White Lies: Five Secrets Your Cosmetic Dentist May Not Tell You

The allure of a dazzling white smile has hit mainstream America. The annual U.S. cosmetic dentistry market is estimated at around $2.75 billion. According to a survey commissioned by the American Academy of Cosmetic Dentistry (AACD), 600,000 patients every year undergo veneer procedures, costing more than $371 million.

Before you plunk down your hard-earned cash for a smile makeover, here are five secrets your dentist may not tell you:

Secret No. 1: There is no specialty known as "cosmetic dentistry."

Any general dentist can call herself a "cosmetic dentist." Since cosmetic dental procedures are such big ticket items, general dentists have resisted efforts to have the procedures designated as a specialty, which would require certification and training. Patients are left to try to figure out who is really qualified.

Secret No. 2: Not all dentists who perform cosmetic procedures have advanced training.

Not all dentists who hold themselves out as "cosmetic dentists" have significant advanced training in the procedures they will be performing, but such training exists. Meaningful credentials include accreditation by the AACD or extensive training at the Las Vegas Institute for Advanced Dental Studies, the Pankey Institute, the Dawson Academy, the Kois Center or the Spear Education Center.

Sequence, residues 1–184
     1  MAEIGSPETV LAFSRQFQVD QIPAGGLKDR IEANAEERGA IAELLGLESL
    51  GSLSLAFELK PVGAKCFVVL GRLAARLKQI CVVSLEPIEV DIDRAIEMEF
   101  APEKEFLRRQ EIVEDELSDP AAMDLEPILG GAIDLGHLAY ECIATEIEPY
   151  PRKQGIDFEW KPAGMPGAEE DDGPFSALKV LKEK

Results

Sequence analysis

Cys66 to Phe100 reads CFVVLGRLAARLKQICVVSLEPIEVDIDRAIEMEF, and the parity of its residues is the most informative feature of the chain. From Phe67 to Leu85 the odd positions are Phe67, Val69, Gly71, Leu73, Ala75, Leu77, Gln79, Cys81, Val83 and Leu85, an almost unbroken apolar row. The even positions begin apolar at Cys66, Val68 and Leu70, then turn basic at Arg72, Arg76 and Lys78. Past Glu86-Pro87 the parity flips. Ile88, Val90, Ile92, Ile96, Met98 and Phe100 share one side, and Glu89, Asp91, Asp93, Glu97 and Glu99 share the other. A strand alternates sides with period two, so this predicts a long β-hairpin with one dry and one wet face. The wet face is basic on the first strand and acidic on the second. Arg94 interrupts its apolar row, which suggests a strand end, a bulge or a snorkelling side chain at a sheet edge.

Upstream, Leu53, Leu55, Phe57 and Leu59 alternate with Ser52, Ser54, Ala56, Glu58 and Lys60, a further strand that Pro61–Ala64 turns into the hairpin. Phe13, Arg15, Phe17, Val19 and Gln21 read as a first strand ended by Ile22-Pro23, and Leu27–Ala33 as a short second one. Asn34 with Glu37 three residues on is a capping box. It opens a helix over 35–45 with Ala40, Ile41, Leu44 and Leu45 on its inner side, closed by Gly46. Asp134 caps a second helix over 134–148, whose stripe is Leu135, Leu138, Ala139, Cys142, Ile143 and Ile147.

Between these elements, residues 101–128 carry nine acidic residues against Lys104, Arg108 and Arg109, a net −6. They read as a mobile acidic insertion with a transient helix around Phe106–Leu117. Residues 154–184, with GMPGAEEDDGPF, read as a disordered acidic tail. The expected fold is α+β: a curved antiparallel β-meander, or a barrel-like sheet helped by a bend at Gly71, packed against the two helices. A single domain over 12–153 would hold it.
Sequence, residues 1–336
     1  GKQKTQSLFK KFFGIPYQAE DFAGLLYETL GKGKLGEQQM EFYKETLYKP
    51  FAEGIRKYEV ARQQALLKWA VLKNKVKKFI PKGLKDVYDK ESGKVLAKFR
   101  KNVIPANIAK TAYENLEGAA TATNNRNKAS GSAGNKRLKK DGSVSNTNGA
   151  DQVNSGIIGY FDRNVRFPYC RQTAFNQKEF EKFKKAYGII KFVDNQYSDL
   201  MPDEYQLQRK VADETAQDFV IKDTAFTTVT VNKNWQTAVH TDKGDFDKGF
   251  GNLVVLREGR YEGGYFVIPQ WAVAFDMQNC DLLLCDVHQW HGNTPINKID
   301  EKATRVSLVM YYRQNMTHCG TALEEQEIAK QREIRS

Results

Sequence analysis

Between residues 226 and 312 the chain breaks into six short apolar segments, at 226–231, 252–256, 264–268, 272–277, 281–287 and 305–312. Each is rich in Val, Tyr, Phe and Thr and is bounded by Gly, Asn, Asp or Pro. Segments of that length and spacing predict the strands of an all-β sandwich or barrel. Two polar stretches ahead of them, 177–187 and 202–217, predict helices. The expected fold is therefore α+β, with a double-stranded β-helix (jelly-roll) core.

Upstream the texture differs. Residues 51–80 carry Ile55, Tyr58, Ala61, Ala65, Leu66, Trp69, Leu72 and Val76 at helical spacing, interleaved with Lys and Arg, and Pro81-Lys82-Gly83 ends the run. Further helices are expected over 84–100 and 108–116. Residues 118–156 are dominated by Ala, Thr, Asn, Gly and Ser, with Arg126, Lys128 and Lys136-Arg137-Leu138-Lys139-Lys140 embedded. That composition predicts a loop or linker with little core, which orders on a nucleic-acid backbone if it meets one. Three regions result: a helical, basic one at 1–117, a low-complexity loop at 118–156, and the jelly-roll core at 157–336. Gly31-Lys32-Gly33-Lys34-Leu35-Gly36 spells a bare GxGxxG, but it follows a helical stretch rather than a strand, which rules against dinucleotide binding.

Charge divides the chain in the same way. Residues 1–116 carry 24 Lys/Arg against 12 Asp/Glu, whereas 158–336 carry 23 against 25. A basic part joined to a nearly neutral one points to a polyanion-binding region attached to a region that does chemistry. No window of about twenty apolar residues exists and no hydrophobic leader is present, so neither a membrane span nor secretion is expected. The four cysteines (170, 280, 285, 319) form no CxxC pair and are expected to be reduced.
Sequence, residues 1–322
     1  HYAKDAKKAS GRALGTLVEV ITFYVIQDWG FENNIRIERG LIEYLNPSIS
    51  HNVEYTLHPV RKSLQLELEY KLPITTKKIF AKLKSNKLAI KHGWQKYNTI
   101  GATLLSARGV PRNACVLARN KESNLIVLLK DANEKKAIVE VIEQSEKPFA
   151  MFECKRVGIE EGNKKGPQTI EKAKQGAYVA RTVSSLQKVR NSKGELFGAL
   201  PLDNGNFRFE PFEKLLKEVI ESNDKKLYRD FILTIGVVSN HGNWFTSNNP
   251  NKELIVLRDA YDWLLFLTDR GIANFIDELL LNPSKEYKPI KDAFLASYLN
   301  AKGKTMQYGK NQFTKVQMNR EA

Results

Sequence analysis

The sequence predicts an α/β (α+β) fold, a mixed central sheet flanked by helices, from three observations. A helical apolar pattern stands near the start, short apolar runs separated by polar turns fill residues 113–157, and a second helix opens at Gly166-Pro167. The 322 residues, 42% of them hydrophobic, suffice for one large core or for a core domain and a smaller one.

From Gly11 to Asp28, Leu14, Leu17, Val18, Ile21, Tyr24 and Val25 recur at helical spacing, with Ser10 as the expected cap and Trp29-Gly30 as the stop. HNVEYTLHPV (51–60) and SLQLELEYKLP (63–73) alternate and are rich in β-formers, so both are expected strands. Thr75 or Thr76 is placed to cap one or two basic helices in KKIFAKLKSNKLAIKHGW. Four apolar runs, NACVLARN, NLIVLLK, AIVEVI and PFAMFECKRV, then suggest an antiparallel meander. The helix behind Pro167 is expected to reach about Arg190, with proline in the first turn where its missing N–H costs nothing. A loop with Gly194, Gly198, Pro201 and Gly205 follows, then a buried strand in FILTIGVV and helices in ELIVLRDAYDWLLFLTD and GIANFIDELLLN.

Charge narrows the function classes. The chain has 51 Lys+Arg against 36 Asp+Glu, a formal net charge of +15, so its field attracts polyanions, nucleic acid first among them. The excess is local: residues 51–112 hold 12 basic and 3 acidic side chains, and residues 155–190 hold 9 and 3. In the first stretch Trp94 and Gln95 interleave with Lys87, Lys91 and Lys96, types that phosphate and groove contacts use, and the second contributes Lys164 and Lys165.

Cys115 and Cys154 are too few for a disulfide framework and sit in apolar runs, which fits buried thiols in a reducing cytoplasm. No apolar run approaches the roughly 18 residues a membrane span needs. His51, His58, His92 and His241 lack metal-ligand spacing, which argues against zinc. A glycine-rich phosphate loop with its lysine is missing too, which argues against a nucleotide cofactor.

There are currently fewer than 350 dentists and laboratory technicians accredited by the AACD. Only 53 hold the highest credential of Accredited Fellow.

Secret No. 3: The dental laboratory that makes the veneers is as important as the dentist.

Most likely, the porcelain veneers that will define your smile will not be fabricated at your dentist's office. They are usually sent to outside laboratories specializing in this kind of work. There is a vast difference in the quality of work done by these labs. According to Bob Clark, president of Williams Dental Laboratory, a high-quality lab will employ technicians with training similar to the training required for highly qualified cosmetic dentists, and will work in close partnership with the dentist.

Chester Garcia, CEO of daVinci Dental Studios, notes that his lab uses advanced CAD/CAM software and FDA-approved materials to ensure veneers meet exacting standards.

Patients considering cosmetic procedures should be as focused on the lab as they are on the dentist.

Secret No. 4: Your cosmetic dentist may be using a foreign or non-certified laboratory.

Many dentists use laboratories located in China or in other foreign countries. These laboratories offer far lower prices than U.S.-based labs. The lower cost isn't always passed on to patients. Furthermore, foreign labs may not use FDA-approved materials. Some crowns and bridges manufactured abroad have been found to contain lead. The American Dental Association and the Center for Disease Control and Prevention, however, are not concerned. They believe the "trace amounts" of lead are "extremely unlikely to cause adverse health effects."